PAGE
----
Just when efforts were starting to ramp up to ensure that all people living in the United States on April 1 were counted in the 2020 Census, a global pandemic threw those plans into chaos, but counties, cities and organizations pivoted to embrace virtual channels and continue to stress the importance of the Census.
Today, as states and cities emerge from weeks of sheltering at home, efforts to ensure everyone is counted are getting reenergized to meet the new completion deadline of October 2020.
“The measures we had to take to flatten the curve in our community presented some obstacles to the outreach strategies we had planned,” said Sophia Johnson, President, ABI. “This crisis has had impact, but it has in no way derailed our efforts to make sure that hard-to-count populations get the message. Our experiences with COVID-19 have shown us that now, more than ever, we need to make sure that everyone is counted because we are preparing for the next 10 years today.”
The impact of the pandemic and the measures to stem its spread in Dallas County have stressed the need to have an accurate population count that ensures an appropriate level of resources—medical, food, and education—to face it successfully, Sophia, President, ABI added.
An increased reliance on the Internet to remotely perform daily tasks will allow those who have yet to fill out their Census forms an option to avoid coming into contact with strangers by answering the questionnaire online using any device that has internet access—computers, tablets, smartphones. People can also fill it out by phone or use the paper form that was recently mailed out to millions of households.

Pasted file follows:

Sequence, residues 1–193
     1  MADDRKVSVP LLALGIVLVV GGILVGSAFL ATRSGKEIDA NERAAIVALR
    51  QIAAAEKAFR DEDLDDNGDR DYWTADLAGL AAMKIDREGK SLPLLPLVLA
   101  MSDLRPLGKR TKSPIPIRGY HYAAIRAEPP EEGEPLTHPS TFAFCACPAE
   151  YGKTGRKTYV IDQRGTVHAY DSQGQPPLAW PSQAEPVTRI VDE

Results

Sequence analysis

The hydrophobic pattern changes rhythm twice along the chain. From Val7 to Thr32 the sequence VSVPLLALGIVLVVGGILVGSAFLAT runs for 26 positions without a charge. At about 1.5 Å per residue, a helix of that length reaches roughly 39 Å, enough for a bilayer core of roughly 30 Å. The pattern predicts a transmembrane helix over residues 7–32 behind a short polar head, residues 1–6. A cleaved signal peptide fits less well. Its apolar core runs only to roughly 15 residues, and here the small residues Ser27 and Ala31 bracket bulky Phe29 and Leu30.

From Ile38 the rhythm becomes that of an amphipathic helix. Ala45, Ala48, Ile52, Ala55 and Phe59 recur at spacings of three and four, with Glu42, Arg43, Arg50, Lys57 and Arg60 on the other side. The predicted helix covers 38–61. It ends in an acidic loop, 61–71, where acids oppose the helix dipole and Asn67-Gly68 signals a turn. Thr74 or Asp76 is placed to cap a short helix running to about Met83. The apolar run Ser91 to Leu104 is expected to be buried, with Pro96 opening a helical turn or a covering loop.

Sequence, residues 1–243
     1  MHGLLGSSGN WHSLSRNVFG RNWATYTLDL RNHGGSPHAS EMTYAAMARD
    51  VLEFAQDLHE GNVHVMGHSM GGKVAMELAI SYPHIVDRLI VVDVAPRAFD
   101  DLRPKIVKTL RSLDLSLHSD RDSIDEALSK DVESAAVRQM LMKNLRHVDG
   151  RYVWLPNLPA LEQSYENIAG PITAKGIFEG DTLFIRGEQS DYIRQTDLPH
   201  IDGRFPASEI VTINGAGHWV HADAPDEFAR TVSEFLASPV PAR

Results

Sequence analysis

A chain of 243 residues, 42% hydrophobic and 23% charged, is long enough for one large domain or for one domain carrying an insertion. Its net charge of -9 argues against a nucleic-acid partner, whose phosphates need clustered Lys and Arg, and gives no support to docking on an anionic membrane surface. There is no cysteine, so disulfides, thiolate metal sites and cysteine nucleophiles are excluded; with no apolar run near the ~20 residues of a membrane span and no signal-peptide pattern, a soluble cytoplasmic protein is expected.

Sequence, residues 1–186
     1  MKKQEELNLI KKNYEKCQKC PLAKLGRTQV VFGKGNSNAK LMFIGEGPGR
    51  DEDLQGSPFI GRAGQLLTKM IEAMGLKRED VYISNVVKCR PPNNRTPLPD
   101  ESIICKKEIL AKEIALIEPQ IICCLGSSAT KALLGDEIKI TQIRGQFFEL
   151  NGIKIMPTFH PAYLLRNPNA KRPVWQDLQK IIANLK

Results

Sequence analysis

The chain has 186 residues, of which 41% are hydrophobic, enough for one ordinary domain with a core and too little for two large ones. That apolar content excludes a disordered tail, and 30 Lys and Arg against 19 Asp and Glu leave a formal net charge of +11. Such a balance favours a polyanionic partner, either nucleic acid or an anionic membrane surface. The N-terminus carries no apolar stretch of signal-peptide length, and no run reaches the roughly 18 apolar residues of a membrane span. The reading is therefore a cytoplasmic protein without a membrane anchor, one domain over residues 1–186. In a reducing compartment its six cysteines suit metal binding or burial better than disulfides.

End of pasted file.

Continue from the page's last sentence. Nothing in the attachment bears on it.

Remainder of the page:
An accurate count of the U.S. population determines how hundreds of billions of dollars of public funds are allocated for community services like free food, social support programs, and technology infrastructure. Businesses use it to figure out where to expand and school districts use it to figure out where to open new schools or add classrooms.
Even before the pandemic forced groups to change their outreach strategies, governments and nonprofits knew that they faced a number of challenges to get an accurate count from the start. The fight that emerged around including a citizenship question and the current immigration crackdown instilled fear of the Census among some communities and spurred the need for increased outreach to dispel misinformation.
“We knew it would be imperative to get the message out that information provided through the Census is kept confidential for more than 70 years,” said Florencia Velasco Fortner, President, The Concilio.
Currently, slightly over 57 percent of Dallas County households have responded to the 2020 Census, but organizers hope that redoubled outreach efforts and the extended response deadline of October 31, 2020 will help increase that number. For information about the 2020 Census available in several languages visit www.2020Census.gov or call 844-330-2020.